Gov. Roy Cooper traveled to the Port of Wilmington on Tuesday to get updates from port executives and take a tour of the facility's new neo-Panamax cranes.
Although much of the meeting with the governor and port officials was behind closed doors, Cooper said following his public tour of the cranes that he wanted to get a "firsthand look" at the new additions to the port and to see the effect they will have on "creating more jobs" for the state.
Cooper said that there are more than 76,000 “good paying jobs” that are a result of the port.
"Our North Carolina Ports brings so much to our economy ... We're pleased that this port here in Wilmington has the fastest turnaround time on the East Coast, which makes it very competitive with other ports and why they've done so well in the last couple of years," Cooper said.
N.C. Ports cited a boost in business at the Port of Wilmington, reporting March 23 that container volume was up 31 percent in fiscal year 2018.
“The more we can send through our ports, the more we can do for our businesses and the more good-paying jobs that we can create for employees in North Carolina. And those jobs extend all across the state,” Cooper said.
The Port of Wilmington received its two new cranes, constructed by Shanghai Zhenjua Heavy Industry Co.
, in late March. According to Bethany Welch, spokeswoman for N.C. Ports, the neo-Panamax cranes have since been installed and operators trained, and they operated their first vessel June 15.
"It's very exciting to see them set up here, pretty magnificent,” Cooper said of the cranes. “They have another one coming in as well."
That third neo-Panamax crane is under construction, for a total price tag of $33.8 million for all three cranes, port officials have previously said. N.C. Ports' third crane is expected to arrive at the port sometime in March 2019, Welch said.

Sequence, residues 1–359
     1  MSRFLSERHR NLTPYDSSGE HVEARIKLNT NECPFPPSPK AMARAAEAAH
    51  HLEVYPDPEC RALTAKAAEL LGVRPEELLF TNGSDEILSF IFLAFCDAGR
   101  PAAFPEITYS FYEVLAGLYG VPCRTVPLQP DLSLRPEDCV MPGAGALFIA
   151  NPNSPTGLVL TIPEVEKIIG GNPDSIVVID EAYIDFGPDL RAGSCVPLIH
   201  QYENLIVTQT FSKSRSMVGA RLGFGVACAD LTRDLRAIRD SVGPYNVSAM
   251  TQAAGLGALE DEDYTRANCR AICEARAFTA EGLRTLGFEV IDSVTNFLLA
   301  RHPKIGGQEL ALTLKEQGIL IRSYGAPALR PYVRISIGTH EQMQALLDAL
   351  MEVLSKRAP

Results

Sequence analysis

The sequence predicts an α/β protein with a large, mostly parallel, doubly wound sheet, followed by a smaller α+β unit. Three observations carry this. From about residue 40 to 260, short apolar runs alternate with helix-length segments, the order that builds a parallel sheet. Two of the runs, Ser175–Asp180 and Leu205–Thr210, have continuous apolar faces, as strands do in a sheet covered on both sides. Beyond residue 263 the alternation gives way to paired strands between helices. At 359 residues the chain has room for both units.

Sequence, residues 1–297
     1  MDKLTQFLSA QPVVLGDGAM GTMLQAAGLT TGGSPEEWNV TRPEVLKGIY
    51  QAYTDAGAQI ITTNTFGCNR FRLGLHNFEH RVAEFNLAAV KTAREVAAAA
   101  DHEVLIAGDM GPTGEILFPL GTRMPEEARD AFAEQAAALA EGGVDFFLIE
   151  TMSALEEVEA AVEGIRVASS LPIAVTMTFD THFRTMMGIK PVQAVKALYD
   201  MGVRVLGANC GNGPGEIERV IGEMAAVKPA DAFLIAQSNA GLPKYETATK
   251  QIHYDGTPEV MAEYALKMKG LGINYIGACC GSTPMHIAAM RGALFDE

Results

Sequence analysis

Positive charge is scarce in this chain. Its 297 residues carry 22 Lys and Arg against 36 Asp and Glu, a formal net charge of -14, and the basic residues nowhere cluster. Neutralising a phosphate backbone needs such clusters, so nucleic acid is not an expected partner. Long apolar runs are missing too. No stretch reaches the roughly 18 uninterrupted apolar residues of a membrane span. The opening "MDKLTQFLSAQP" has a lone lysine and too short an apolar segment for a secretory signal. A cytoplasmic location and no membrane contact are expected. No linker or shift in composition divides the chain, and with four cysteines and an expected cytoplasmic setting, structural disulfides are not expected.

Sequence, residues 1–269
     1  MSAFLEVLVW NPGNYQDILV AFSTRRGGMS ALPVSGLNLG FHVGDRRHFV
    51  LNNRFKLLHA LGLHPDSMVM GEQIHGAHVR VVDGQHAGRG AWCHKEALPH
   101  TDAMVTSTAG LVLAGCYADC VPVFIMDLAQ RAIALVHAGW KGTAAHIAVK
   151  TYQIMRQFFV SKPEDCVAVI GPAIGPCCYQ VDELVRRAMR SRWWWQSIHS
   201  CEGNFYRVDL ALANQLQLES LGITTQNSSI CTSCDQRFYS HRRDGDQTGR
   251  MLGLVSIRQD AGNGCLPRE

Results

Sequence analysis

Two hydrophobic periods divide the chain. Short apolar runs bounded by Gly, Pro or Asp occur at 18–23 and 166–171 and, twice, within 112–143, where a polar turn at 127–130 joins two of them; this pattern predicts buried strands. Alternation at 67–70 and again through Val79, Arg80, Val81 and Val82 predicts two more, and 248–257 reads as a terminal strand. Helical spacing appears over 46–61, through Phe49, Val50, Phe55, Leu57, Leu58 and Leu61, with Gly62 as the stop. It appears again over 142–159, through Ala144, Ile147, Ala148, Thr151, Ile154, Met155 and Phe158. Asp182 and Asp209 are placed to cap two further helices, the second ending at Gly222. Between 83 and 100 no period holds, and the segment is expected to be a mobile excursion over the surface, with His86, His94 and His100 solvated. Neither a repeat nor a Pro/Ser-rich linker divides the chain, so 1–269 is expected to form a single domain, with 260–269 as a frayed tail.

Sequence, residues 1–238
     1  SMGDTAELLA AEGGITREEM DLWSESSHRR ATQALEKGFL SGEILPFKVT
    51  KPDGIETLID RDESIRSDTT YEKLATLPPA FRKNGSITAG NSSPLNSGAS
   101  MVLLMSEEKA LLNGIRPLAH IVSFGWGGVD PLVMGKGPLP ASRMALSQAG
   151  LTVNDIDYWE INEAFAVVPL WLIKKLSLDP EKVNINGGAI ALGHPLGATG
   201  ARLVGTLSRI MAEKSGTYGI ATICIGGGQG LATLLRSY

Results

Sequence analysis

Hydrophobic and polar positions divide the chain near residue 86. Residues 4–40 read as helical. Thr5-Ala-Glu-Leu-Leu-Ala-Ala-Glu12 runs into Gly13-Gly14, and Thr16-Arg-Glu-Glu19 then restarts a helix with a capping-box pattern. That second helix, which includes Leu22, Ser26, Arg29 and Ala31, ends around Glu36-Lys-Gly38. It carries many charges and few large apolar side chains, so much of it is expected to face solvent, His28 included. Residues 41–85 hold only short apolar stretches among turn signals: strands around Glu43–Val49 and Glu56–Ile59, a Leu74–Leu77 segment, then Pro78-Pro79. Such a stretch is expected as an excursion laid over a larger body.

With the two new cranes set up, the port now has the capability to operate two post-Panamax vessels at the same time, serving vessels upwards of 14,000 TEUs (20-foot equivalent units). The investment is part of the port’s $200 million ongoing infrastructure improvements.
“Looking forward to even more business at our North Carolina Ports and growing our economy even more. We've got to make sure we have the rail service and the trucking service to complete the port system. But we are feeling good about where we are with our economy and the good work that's going on here,” Cooper said.
But Cooper said he feared that some of the impacts from the Trump Administration’s tariffs on Chinese imports could have a negative impact on the port and state jobs, he said.
“I hope that this trade war that the president has started does not affect the economy of North Carolina. But I am deeply worried that our farmers and jobs here at the port could potentially be in danger if we see an escalation of a trade war across the world,” Cooper said. “I don't want to see North Carolina farmers and North Carolina businesses used as pawns in a trade war. I have expressed my concern; I know a lot of people across the country are alarmed at what is happening.”
Cooper said that the nation needs fair trade across the globe but added, “I am concerned what could happen to the economy now.”
During the governor's visit Tuesday afternoon, however, the Hanover Express, a 8,500-TEU vessel that's a part of the Hapag-Lloyd shipping company fleet, arrived at the Port of Wilmington for the first time. The vessel is part of THE Alliance EC2 Service -- a transpacific service that connects the U.S. East Coast and Asia.
The port operated its first 10,000-TEU vessel as part of that service line May 29, according to Welch.
The Hanover Express has made its way to the East Coast from the ports at Busan in South Korea and Shanghai, Ningbo and Qingdao in China. The EC2 service line activated last May
, along with the 2M Alliance TA2/NEUATL2 container service.